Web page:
There are many ways you can help Scouting in Three Fires Council. This page contain a list of items that our council could use to help better our Scouting program for the youth that we serve.
Help Out Our Camps!
There are many ways to help out our camps while helping the Scouts save on their operating budget.
Gifts-in-kind is a simple concept whereby the Boy Scouts accept the donation of a product that it would normally have purchased through its annual operating budget. The key is that the donated product meets the specifications of what would have been purchased; making the item donated a “budget relief” for the council.
Specific project support is a concept whereby the Boy Scouts account and credit specific costs related to a particular program or activity from the operating budget. The costs are separated and written up as a “project” so that the potential donor knows exactly what he or she is supporting financially. This is an excellent way to match donor interests with specific budgetary expenses that are already a part of the council’s operating budget.
If you would like to support in one of these ways please check out our Program Support Brochure.
The Memorial/Tribute Fund of Three Fires Council is a way to recognize the Scouting experiences of a deceased Scout or Scouter.
MEMORIALS and OTHER DESIGNATIONS
The following are New Memorials/In Honor of/In Celebration of the following:
IN MEMORY of Suzette Heinze
FROM: Richard & Rebecca Stewart
IN MEMORY of Harlan Wolfe
Auroraland Auto Restorers Club
Mary & Lewis Heap
George & Elaine Hettrich
Robert & Shirley LeClercq
William & Jean Prince
Richard & Rebecca Stewart
Paul and Demaris NcNabb
IN MEMORY of Jerry Gardner
FROM: Margaret Gardner
IN MEMORY of Daniel Heidenrieich
FROM: Nicholas & Claire Proce
IN MEMORY of Phyllis Davison
FROM: Karen & Lawrence Hamilton
IN HONOR of Nicholas Dzierzanowski
FROM: Janet Hodyl
IN MEMORY of Robert Holmes
P2ES Holdings Inc
IN MEMORY of Richard McCann
Dennis and Joan Cook
IN MEMORY of Ryan Mademann
Randall and Lynda Kaehr
IN MEMORY of James Littrell
Charles and Marlene Dahlquist
IN MEMORY of Bob Holmes
Jeffrey & Debra Mengler
Frank and Patricia Butler
Lila GrantRebecca Griffith
Julie and Shawn Glanville
IN HONOR OF Aaron John Sebonia
FROM: Philip Lahey
IN MEMORY of Jim Heirty
Leslie & Joan Kopecky
Mrs. Evelyn Berleman
Robert & Lois Stoker
Edward & Marilyn Einbeck
Diana & Donald Jarmacz
Kevin & Judith Pearl
Charles & Linda Dippold
James & Katherine Hamann
Neil & Marla Quick
Alexander & Lauretta Schneider
Gerald & Rita Spearman
IN MEMORY of Kevin Grieco
Chanonee Troop 33
Dudley Nosworthy II
Knights of Columbus
Christopher Burke Engineering, LTD
Charles & Betty Parisi
Joseph & Lynn Kadolph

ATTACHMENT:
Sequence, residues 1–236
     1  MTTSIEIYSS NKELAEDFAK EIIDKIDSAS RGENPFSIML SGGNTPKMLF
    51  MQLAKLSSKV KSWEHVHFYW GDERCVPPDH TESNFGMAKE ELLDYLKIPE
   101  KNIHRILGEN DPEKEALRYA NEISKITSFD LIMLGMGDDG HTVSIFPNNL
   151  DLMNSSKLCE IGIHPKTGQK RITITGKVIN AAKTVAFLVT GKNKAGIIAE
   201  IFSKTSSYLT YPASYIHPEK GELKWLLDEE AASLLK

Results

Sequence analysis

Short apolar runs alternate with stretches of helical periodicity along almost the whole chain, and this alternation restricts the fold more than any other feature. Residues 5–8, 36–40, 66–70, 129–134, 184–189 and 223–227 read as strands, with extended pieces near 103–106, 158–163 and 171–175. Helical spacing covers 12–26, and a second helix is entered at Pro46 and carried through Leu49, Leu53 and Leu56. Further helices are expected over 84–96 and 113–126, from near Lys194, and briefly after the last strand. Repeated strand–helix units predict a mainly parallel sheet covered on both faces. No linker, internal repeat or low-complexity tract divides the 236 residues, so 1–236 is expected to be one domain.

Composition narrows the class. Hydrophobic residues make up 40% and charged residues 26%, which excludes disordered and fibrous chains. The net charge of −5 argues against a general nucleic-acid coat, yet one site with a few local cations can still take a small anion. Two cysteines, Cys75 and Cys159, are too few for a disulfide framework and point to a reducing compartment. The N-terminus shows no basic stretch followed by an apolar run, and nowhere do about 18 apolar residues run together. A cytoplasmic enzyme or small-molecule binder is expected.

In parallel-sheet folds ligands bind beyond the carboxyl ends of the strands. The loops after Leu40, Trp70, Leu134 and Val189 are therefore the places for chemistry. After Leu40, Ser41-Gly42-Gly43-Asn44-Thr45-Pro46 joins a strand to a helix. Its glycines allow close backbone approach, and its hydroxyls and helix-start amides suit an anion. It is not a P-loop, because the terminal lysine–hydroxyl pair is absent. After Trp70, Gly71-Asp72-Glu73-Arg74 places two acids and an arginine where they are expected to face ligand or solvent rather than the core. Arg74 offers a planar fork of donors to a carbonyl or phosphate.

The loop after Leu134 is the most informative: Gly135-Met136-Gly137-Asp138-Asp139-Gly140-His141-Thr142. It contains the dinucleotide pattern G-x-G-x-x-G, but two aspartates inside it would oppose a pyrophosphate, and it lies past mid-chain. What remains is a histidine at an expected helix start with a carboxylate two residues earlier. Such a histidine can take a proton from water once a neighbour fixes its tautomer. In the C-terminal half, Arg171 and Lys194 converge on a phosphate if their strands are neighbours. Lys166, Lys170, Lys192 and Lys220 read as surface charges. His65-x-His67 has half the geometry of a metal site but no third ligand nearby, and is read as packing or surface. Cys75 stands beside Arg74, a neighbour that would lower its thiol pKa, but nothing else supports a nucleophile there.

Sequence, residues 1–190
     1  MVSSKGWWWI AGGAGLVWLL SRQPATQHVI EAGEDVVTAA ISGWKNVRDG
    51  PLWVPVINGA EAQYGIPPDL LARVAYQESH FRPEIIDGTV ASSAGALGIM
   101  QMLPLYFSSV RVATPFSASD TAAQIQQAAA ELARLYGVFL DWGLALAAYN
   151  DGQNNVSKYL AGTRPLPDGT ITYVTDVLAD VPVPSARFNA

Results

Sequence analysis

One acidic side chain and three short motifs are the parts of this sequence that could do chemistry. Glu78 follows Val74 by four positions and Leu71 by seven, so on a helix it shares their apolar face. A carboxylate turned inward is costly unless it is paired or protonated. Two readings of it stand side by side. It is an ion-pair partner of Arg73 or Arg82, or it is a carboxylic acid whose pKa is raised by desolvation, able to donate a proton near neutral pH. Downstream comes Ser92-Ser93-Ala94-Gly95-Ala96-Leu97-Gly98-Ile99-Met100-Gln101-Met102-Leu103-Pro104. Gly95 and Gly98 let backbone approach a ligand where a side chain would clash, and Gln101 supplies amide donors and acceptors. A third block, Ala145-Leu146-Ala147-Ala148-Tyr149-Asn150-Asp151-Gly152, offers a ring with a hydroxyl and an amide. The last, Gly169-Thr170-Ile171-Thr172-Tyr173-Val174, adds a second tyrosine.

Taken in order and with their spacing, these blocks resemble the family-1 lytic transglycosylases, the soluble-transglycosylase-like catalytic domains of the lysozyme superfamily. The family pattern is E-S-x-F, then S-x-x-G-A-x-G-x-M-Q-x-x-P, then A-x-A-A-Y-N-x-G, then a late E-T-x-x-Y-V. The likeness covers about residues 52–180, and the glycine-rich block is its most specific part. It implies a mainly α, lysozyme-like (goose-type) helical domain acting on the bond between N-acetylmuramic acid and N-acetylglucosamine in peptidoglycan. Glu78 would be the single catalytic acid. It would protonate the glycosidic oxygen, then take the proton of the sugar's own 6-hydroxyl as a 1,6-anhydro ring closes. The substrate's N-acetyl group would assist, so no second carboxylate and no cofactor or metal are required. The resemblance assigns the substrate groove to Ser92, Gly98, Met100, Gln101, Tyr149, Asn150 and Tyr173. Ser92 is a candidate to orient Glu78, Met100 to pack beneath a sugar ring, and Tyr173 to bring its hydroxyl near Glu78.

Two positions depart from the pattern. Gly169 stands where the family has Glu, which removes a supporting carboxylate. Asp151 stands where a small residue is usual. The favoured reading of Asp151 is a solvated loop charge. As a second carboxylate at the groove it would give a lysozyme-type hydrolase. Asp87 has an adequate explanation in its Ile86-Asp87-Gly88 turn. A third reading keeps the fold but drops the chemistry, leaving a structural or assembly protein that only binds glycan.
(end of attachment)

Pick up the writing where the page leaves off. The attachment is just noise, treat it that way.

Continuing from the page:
Markham Memorial VFW, Ladies Aux 9801
Chanonee Troop 23
2-122 FA Soldiers Fund
Herbert & Kelley Pysarenko
Larry & Sandy Jolly
John & Patricia Bomher
John Grieco, Jr. & Dorothy Key
American Legion #1084
Real Information on Real Estate Gifts
Let the Land do the Work
Land ownership has always been part of the American Dream. On farms across the country, the hope was to work the land and prosper. Now, working the land may mean developing it or renting it or simply holding it, but the popularity of real estate as an investment asset remains high. Land and its improvements account for 30-40% of the average individual’s net worth.
Real estate as an investment asset
Like other assets, people usually invest in real estate expecting growth, income or some combination of the two. Land can be an outstanding growth investment, steadily increasing in value over time. In fact, it may be the most highly appreciated asset that many people own. Unfortunately, that appreciation can create problems if the owner decides to sell the land or give it to a family member.
Land can be an excellent income investment, too. Sometimes, however, income expectations from rental or farm properties can be frustrated by the costs associated with ownership (such as taxes, insurance and maintenance).
Unique benefits from charitable giving
For some, an investment in real estate may have outlived its usefulness. A gift to the Boy Scouts might provide relief from management burdens and a welcome tax deduction for the property’s fair market value. In addition, the gift can usually be structured to create an income stream for the donor or members of her family.
Ways to Make a Real Estate Gift
An outright gift of real property generates a charitable income tax deduction equal to the fair market value of the property. The gift also removes the property from your estate and, where appreciated property is gifted, generally avoids capital gains tax.